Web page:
By observing an international day for lesbians, it is easier for lesbians to talk to friends and loved ones – and to feel the love. It also helps foster awareness and increased sensitives from society at large.
So, mark your calendar and plan something special (even if it is just a social media post!) for April 26th, which is Lesbian Pride Day.
Other Lesbian Information Tp Help You Be A Better Ally
So, you know someone in your circle who is a lesbian and you claim to love them. However, the question to consider is: do you think you’re a good friend and a straight ally?
Being a good friend to the lesbians in your life requires you to acknowledge who they are and show them support in circumstances where they need it. Being a straight ally involves helping to dismantle stereotypes and render invaluable support to individuals in marginalized groups who may not possess the power, status, means, or opportunity to influence systemic and institutional change on their own!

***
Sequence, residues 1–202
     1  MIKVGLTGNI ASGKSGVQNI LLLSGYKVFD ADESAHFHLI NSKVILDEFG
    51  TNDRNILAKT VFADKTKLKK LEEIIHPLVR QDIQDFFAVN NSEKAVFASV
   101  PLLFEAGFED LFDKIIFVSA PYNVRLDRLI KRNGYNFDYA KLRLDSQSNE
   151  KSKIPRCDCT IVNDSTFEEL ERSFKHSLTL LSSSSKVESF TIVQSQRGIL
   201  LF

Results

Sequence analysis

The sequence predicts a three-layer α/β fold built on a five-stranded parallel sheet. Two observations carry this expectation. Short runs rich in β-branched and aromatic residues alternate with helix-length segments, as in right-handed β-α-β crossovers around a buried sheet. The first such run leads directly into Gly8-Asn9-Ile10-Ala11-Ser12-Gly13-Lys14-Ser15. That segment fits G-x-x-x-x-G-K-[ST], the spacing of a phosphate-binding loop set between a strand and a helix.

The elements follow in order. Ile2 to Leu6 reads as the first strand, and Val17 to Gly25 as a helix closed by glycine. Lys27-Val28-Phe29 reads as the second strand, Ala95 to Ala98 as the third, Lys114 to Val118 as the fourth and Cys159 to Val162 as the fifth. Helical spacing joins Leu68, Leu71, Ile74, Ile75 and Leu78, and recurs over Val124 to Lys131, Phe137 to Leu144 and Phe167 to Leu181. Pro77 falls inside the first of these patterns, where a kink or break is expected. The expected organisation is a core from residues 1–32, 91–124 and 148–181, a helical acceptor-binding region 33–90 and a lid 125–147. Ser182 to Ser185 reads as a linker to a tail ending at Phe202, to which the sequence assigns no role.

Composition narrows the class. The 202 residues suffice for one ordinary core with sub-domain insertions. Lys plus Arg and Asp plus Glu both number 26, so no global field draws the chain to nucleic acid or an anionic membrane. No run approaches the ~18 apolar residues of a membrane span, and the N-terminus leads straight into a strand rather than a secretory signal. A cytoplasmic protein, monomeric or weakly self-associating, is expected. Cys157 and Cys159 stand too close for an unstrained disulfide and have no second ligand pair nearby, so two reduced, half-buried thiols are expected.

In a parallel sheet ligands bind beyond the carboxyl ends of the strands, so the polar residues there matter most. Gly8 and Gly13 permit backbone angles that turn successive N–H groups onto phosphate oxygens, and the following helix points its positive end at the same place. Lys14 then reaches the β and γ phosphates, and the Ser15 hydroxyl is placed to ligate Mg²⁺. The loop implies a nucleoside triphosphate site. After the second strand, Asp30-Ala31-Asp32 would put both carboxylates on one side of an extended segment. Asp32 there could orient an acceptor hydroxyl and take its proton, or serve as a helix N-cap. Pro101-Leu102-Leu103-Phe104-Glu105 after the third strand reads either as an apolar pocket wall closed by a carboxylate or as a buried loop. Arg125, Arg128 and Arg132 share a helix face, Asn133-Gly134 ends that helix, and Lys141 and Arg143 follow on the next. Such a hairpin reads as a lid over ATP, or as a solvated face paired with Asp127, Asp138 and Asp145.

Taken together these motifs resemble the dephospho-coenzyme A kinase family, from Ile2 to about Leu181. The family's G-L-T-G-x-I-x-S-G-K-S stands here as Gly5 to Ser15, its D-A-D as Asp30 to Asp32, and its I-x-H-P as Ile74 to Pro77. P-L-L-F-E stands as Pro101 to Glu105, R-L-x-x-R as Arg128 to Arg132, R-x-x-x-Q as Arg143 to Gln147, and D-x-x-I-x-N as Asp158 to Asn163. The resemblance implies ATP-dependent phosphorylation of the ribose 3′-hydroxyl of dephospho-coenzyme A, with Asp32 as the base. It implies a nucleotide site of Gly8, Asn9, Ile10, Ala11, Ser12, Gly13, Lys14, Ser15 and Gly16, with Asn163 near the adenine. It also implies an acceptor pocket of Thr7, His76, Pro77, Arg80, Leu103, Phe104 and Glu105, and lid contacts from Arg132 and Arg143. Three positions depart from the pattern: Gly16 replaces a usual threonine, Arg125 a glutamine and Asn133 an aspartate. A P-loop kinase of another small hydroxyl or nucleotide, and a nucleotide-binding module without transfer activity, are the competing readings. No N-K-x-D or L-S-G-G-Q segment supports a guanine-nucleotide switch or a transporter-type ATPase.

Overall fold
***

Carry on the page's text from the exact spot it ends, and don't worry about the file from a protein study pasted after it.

You are amazing – and capable. Or you wouldn’t be hear researching what is means to be lesbian. So we are certain you can be both.
Most of the time, we limit our friendships to love. But we should also extend them to sexual identity. If your BFF is a lesbian, you might have an idea of what we’re talking about. While we love our friends in the lesbian community, we’re not always good friends to them.
Nevertheless, you still have time to support your lesbian friend. Here’s how:
Clear your head
Even if you don’t acknowledge it, you most likely have biases and prejudices that you should confront. It might be uncomfortable for you to realize it at first, but once you realize what they are, you will be able to confront them.